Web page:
Scientists » Physiologists » WALTER RUDOLF HESS
|Full name||: Walter Rudolf Hess|
|Alias||: Walter Rudolf Hess|
|Animals||: The Snake|
|Education||: University of Zurich|
Walter Rudolf Hess, a Swiss physiologist, made one of the most significant discoveries of human body by adjudging the role played by the different parts of the brain in determining and coordinating functions of the internal organs. Trained as a surgeon and later an ophthalmologist by profession, all was going well in Walter Rudolf Hess’s career when he suddenly took the big plunge and decided to pursue his love - physiology. In 1912, Hess gave up on his prosperous career as an ophthalmologist and instead went back to the University of Zurich to take up the position of an assistant to Professor Gaule in physiology. In 1930, Hess started mapping the parts of the diencephalon that controlled the internal organs. He realized that on mapping certain regions of the brain, specific physiological responses were seen. From excitement to apathy, hunger to defecation, one could elicit any kind of internal organ response. This research helped him bag the coveted Nobel Prize in Medicine in 1949. Other than his scientific career, Hess served as the professor and Director of the Department of Physiological Institute at the University of Zurich. He was instrumental in establishing the International Foundation for the High Alpine Research Station Jungfraujoch in 1930 and served as its director until 1937.
Though Walter Rudolf Hess always wanted to become a physiologist, certain factors prohibited him to plunge on to physiology immediately following his studies. As such, he trained himself as a surgeon under Conrad Brunner. During his assistance to Bruner, Hess published his dissertation titled ‘Zum Thema Viskosität des Blutes und Herzarbeit’. He also developed the viscosimeter, an instrument for measuring blood viscosity.
In 1907, he returned to the University of Zurich to train himself as an ophthalmologist under Otto Haab. Upon completing his training, Hess started practicing as an ophthalmologist. It was while being an ophthalmologist that Hess developed a sense of precision and fastidiousness that eventually helped him in his career as a physiologist.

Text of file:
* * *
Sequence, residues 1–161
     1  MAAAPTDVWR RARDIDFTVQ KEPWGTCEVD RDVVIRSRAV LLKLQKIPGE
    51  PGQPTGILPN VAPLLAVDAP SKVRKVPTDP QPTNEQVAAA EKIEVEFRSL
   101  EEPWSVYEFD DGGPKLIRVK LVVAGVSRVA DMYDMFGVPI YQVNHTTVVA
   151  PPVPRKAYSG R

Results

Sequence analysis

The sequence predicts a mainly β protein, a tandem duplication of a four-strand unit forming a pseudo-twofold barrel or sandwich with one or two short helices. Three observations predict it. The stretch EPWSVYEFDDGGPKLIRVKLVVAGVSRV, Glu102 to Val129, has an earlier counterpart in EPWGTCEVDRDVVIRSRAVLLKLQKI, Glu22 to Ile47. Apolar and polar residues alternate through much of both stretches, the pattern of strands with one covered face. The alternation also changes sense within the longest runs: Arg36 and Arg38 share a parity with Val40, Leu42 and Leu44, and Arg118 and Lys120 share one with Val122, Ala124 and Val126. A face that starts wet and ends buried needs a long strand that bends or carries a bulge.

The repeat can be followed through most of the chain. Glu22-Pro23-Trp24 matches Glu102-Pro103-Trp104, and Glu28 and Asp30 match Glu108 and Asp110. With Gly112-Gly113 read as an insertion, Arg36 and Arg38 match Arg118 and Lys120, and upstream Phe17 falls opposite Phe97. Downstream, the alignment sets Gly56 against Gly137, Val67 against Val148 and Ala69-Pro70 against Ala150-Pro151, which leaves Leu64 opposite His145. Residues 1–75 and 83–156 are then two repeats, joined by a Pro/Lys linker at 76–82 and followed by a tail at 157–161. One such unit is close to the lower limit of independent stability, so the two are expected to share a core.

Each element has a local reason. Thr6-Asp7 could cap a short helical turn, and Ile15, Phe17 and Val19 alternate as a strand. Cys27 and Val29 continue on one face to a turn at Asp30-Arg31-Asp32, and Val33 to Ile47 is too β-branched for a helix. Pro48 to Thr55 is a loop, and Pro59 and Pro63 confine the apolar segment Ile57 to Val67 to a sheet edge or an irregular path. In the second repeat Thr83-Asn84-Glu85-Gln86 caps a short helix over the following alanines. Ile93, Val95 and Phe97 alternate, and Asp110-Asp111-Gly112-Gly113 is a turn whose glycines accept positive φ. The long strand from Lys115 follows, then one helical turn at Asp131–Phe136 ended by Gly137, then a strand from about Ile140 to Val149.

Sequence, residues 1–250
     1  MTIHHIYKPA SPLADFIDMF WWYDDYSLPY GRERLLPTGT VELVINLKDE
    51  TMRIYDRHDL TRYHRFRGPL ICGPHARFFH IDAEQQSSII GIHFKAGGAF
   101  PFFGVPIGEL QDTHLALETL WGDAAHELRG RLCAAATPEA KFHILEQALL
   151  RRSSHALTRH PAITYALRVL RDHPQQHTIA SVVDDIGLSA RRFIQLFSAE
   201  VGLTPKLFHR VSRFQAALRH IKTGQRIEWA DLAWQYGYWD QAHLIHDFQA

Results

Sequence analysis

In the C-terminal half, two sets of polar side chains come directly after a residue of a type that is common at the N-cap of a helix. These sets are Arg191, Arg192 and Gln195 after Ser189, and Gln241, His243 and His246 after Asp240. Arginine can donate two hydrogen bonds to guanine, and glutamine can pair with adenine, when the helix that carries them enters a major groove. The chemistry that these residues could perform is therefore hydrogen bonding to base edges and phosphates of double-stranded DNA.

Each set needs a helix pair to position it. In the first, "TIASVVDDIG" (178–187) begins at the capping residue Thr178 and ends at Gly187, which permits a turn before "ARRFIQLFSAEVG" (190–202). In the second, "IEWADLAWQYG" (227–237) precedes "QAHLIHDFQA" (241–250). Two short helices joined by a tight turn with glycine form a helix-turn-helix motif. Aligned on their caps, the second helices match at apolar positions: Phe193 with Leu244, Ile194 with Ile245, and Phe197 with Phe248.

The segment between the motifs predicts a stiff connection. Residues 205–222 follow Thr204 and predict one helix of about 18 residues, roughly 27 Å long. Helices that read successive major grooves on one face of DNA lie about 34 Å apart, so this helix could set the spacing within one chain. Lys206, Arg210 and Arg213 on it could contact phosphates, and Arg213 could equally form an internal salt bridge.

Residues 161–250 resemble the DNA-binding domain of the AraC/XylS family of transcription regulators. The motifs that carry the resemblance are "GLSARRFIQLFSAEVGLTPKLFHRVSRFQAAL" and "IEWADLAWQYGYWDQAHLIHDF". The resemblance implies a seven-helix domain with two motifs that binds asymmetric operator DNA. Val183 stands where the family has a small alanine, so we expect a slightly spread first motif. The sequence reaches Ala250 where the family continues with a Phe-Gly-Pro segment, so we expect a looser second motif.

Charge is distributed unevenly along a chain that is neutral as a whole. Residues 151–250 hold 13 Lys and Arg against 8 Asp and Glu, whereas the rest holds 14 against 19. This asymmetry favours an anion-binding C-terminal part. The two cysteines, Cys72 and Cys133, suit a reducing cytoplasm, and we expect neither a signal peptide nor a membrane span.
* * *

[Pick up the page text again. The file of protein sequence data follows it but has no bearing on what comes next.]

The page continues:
In 1912, Hess made the big move – he let go off his lucrative career as an ophthalmologist to pursue his first love, physiology. He researched under Justus Gaule and in the following year became a Privatdozent. Hess was interested in regulation of blood flow and respiration.
During First World War, Hess remained at the Physiological Institute of the University of Bonn, under the guidance of Max Verworn. In 1916, when Gaule retired, Hess took up as an interim director of the Department of the Physiological Institute at the University of Zurich.
In 1917, Hess was promoted to position of a full-time professor and Director of the Physiological Institute at the University of Zurich. He served in this position until his retirement 1951.
Post World War I, Hess travelled to the English subcontinent and met numerous English greats of physiology such as Langley, Sherrington, Starling, Hopkins, Dale and others.
Hess directed his career in physiology towards haemodynamics and the regulation of respiration. He became interested in the study of the autonomic nervous system – nerves that originated at the base of the brain and extended up till the spinal cord. These nerves control the automatic functions of the body such as digestion, excretion and so on.